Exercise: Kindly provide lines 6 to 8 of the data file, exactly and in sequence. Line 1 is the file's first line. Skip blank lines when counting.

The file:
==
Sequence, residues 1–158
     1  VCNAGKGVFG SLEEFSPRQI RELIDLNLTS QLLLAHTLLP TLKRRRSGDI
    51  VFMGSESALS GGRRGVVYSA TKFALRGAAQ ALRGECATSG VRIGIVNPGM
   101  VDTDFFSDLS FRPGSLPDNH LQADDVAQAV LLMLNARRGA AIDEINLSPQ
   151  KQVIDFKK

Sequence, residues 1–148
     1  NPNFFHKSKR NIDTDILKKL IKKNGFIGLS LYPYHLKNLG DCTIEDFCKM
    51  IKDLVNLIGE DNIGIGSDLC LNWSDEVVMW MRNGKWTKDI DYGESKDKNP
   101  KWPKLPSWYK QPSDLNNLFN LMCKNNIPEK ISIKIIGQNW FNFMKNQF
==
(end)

Sequence, residues 1–148
     1  NPNFFHKSKR NIDTDILKKL IKKNGFIGLS LYPYHLKNLG DCTIEDFCKM
    51  IKDLVNLIGE DNIGIGSDLC LNWSDEVVMW MRNGKWTKDI DYGESKDKNP